- Specific details in the return, i.e., the sheriff must describe in the Return of Summons the facts and circumstances surrounding the attempted personal service.
- Substituted service effected on a person of suitable age and discretion residing at defendant’s house or residence; or on a competent person in charge of defendant’s office or regular place of business.
From the foregoing requisites, it is apparent that no valid substituted service of summons was made on petitioner and her children, as the service made through Maj. Gen. Garcia did not comply with the first two (2) requirements mentioned above for a valid substituted service of summons. Moreover, the third requirement was also not strictly complied with as the substituted service was made not at petitioner’s house or residence but in the PNP Detention Center where Maj. Gen. Garcia is detained, even if the latter is of suitable age and discretion. Hence, no valid substituted service of summons was made.
SERANA, Petitioner, vs SANDIGANBAYAN, G.R. No. 162059
Petitioner was appointed by former President Estrada as a student regent of UP Cebu, to serve a one-year term. President Estrada gave P15,000,000.00 to the Office of the Student Regent Foundation, Inc as financial assistance for the proposed renovation. The renovation of Vinzons Hall Annex failed to materialize. The Ombudsman filed estafa case against her before the Sandiganbayan. Petitioner moved to quash the information. She claimed that the Sandiganbayan does not have any jurisdiction over the offense charged or over her person, in her capacity as UP student regent because the Respondent, Sandiganbayan has no jurisdiction over estafa, the petitioner is not a public officer with Salary Grade 27. The offense charged was not committed in relation to her office and the funds in question personally came from President Estrada, not from the government. As to jurisdiction over her person, she contends that as a student regent, she is not a public officer who held the position in an ex officio capacity.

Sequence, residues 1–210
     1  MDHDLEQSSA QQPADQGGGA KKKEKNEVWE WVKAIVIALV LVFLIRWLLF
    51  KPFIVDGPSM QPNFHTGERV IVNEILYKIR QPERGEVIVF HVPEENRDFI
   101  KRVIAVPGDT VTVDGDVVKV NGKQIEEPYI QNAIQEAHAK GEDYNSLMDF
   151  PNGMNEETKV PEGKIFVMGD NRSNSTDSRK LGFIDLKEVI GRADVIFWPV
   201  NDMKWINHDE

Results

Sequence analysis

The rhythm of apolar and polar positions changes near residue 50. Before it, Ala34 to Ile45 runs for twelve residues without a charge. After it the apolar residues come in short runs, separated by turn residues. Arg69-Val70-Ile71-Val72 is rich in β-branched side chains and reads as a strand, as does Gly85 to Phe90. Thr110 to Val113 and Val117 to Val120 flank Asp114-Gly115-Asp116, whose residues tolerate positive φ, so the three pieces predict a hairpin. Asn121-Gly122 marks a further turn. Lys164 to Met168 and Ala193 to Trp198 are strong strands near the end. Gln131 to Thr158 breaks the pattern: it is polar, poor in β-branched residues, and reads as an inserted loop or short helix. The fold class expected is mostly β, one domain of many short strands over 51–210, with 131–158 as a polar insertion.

The Sandiganbayan denied her motion for lack of merit.
Whether or not the Sandiganbayan has no jurisdiction over Serana’s case.
No, Sandiganbayan has jurisdiction over this case. The SC held that while the first part of Sec. 4(A) covers only officials with Salary grade 27 and higher but who are by express provisions of law placed under the jurisdiction of the Sandiganbayan as she is placed there by express provisions of law.
Sec. 4(A)(1)(g) of PD No. 1606 explicitly vested the Sandiganbayan with jurisdiction over Presidents, directors and trustees, or manager of government-owned or controlled corporations, state universities, or educational foundations. Petitioner falls under this category. As the Sandiganbayan pointed out, the Board of Regents performs functions similar to those of a board of trustee of a non-stock corporation. By express mandate of law, petitioner is, indeed, a public officer as contemplated by PD No. 1606. Thus, her position as a board of regent (UP student regent) is among those enumerated and the Sandiganbayan has jurisdiction over her.
ERMITA-MALATE HOTEL AND MOTEL OPERATORS ASSOCIATION, INC vs .THE HONORABLE CITY MAYOR OF MANILA, respondent-appellant.
ERMITA-MALATE HOTEL AND MOTEL OPERATORS ASSOCIATION, INC vs.
THE HONORABLE CITY MAYOR OF MANILA, respondent-appellant.
The petition for prohibition against Ordinance No. 4760 was filed on July 5, 1963 by the petitioners, Ermita-Malate Hotel and Motel Operators Association, one of its members, Hotel del Mar Inc., and a certain Go Chiu, the president and general manager of the second petitioner against the respondent Mayor of the City of Manila who was sued in his capacity as such "charged with the general power and duty to enforce ordinances of the City of Manila and to give the necessary orders for the faithful execution and enforcement of such ordinances.